Journalists welcome to the inauguration
The inauguration will take place starting at 10:00 on 9 November. The agenda can be found in the annex.
Inauguration of the Community Reference Laboratory
Chairman: A. Herrero, Director of IRMM
10h00 Welcome address by R. Schenkel, JRC Acting Director General, BE.
10h15 “The collaboration between the Health and Consumer Protection DG and the DG-JRC”, P. Testori-Coggi, Director Food Safety, Health and Consumer Protection Directorate General, BE.
10h30 “The establishment of the CRL on Feed additives within the framework of the new Regulation on feed additives”, W. Penning, Head of Unit Animal Nutrition, Health and Consumer Protection Directorate General, BE.
10h40 “Member States views on the new authorization procedure laid down in Regulation 1831/2003”. G. Lunn, Head of Department Feedingstuffs and Fertilizers, Danish Plant Directorate, DK.
11h10 “Activities of the IRMM on food and feed safety”. E. Anklam, Head of Food Safety and Quality Unit, JRC-IRMM, BE.
11h20 “The CRL for feed additives authorisation and the feed network”. C. von Holst, CRL Operating Manager, Food Safety and Quality Unit, JRC-IRMM, BE.
11h30 “The role of EFSA and the collaboration with CRL in the assessment of feed additives under the new Regulation 1831/2003”, L. Vahteristo, Scientific Coordinator of the FEEDAP Panel, European Food Safety Authority, BE.
11h40 “The setting up of the CRL for GMOs under Regulation 1829/2003 on Genetically modified feed and food”, G. van den Eede, Head of Biotechnology and GMO’s Unit, JRC-IHCP, IT.
11h50 “Bridging the Commission and regulatory residue testing laboratories. A decade of CRLs experience”, Rainer Stephany, Project leader, Laboratory for Residue Analysis (CRL-ARO), NL.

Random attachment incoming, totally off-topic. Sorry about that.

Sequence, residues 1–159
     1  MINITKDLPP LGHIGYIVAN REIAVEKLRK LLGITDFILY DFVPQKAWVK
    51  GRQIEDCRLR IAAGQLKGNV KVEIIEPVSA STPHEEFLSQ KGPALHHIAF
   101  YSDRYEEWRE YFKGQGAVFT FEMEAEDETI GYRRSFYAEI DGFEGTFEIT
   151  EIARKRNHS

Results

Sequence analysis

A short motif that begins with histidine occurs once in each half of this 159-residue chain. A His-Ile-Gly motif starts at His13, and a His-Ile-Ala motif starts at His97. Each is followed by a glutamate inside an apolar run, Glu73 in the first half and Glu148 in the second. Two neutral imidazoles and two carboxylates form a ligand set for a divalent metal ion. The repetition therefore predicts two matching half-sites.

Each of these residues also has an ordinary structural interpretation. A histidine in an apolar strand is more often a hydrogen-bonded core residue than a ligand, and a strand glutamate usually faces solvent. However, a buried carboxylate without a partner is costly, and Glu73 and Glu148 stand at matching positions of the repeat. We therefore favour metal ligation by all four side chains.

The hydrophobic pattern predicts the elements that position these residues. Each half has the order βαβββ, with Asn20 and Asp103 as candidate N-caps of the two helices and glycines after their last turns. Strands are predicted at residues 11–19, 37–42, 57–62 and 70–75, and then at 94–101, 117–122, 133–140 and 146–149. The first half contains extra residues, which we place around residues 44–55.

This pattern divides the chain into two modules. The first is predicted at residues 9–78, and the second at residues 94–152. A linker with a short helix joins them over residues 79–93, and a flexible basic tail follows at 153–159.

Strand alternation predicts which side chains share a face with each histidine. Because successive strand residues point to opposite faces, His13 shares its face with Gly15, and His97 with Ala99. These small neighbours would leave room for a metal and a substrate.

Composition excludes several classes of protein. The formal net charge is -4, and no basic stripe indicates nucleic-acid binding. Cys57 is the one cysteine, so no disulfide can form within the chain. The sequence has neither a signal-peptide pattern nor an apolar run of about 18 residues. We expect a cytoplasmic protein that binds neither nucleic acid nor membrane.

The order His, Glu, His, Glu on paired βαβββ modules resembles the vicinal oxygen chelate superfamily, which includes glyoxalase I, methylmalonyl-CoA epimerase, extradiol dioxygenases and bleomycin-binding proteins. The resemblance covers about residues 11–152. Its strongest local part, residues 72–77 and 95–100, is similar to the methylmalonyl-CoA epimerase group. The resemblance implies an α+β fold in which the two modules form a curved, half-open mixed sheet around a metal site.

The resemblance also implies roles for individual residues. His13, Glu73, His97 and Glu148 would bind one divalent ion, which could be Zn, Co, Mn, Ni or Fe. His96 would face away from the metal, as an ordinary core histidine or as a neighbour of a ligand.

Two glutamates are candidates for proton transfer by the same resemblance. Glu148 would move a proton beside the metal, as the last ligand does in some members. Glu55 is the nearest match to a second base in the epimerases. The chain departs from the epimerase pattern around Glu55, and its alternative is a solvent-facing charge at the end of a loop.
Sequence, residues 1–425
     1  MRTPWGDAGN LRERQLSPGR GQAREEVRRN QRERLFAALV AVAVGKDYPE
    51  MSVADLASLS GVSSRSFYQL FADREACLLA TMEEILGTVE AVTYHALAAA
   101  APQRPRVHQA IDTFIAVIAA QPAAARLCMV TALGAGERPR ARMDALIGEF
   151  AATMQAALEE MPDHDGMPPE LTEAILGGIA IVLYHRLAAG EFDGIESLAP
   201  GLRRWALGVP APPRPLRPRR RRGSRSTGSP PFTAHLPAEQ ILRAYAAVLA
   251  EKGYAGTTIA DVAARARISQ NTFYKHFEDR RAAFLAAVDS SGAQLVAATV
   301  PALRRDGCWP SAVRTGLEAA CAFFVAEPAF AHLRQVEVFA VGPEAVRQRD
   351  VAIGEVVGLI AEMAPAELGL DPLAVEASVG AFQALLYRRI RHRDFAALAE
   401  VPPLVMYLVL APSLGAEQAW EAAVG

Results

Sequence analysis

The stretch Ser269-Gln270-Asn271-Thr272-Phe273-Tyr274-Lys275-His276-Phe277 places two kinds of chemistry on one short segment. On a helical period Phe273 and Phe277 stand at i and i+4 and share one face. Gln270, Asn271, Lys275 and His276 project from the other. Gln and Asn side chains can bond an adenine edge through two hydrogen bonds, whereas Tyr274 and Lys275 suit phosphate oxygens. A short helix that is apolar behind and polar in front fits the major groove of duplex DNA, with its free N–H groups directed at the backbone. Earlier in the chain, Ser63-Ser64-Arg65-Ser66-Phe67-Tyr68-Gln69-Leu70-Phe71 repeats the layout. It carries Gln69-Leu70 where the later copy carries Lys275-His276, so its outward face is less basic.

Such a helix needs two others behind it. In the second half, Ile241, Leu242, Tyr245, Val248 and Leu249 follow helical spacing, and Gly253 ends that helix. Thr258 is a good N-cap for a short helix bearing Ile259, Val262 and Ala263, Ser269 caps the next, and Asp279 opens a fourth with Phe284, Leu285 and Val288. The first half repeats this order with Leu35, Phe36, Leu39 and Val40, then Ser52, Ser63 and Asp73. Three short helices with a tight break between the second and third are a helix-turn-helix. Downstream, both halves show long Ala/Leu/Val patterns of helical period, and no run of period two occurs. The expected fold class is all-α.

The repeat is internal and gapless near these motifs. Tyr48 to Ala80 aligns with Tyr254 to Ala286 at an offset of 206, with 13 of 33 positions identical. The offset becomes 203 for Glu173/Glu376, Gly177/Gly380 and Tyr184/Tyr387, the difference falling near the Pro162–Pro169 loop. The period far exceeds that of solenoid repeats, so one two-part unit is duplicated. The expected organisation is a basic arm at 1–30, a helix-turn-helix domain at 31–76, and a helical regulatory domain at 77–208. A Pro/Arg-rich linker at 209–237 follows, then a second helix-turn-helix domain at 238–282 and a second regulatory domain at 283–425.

12h00 “The point of view of the feed additive industry regarding the new system of evaluation of feed additives”, D. Jans, FEFANA Secretary General, BE.
12h10 “Expectation of the European compound feed industry with regards to the setting up of the CRL”, A. Döring, General Secretary FEFAC, BE.
12h20 Inauguration of the new Community Reference Laboratory for Feed Additives Authorisation. L. Arts, representing the Netherlands EU Presidency, will present a plaque marking the inauguration of the CRL to A. Herrero (JRC).
14h15 Visit to IRMM, selected facilities: 4 groups of 15–20 people, 4 rotations
Group A - Food Safety and Quality (FSQ) laboratories, main building.
Group B – FSQ and CRL laboratories, chemistry building.
Group C - CRL facilities, chemistry building.
Group D - Reference Materials Unit.
16h00 End of the CRL inauguration event and departure to
 The IRMM is one of the
seven Institutes of the European Commission’s Joint Research Centre. The
mission of the IRMM is to promote a common and reliable European measurement
system in support of EU policies. The prime objective of the IRMM is to build
confidence of measurements by the development, production and dissemination of
internationally accepted quality assurance tools, including reference materials,
validated methods, reference measurements, inter-laboratory comparisons and